In the gloom of an Albany afternoon in January, it may be interesting to know that at least a few legislators this year would like to do something about daylight saving time or DST. More precisely, they would like to get rid of the pointless ritual of adjusting our clocks by one hour twice a year.
Two Keizer Republicans, Sen. Kim Thatcher and Rep. Bill Post, together with Democratic Rep. John Lively of Springfield and Republican Rep. Mike Nearman of Independence, have sponsored Senate Bill 320. Post and Lively filed the same text in the House as HB 2297. The bills would keep Oregon on daylight saving time all year if the voters support this in the 2020 general election. If the voters do agree, the act would take effect on Nov. 7, 2021. That’s the date we would not switch back to standard time.
But as we’ve learned from reports on a similar proposal the voters of California approved last November, Congress would have to agree to this departure from standard time in order for it to take effect.
No congressional approval would be needed for a different approach, introduced in the Senate by Brian Boquist, the Republican senator from Dallas. His bill, filed at the request of his wife, Peggy, would simply abolish daylight saving time in Oregon. It would keep Oregon on standard time starting this coming Nov. 3 and every November from then on.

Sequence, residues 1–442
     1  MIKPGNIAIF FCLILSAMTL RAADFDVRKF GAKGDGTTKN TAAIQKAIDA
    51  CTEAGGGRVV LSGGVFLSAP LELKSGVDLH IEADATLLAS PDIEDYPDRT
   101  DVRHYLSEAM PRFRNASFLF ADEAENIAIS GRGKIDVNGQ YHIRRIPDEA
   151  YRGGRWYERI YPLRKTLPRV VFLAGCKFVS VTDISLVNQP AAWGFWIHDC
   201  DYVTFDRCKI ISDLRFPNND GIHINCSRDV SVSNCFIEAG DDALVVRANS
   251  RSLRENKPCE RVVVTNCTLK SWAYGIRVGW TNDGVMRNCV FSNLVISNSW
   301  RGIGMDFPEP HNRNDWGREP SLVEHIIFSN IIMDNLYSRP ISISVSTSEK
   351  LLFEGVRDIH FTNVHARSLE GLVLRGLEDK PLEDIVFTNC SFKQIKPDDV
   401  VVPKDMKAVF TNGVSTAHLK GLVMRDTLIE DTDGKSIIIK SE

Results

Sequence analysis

The Senate bills were referred to the Committee on Business and General Government chaired by Sen. Chuck Riley, D-Hillsboro. The committee’s vice chair is Fred Girod, R-Stayton. You might want to write or email them and ask them to advance at least one of these bills.
HB 2297 went to the House Rules Committee, chaired by Rep. Paul Holvey, D-Eugene. You might want to contact Holvey as well.
Whether anything comes of these bill is hard to say. But on this topic, I would bet that nothing changes unless lots of voters urge the legislature to act. (hh)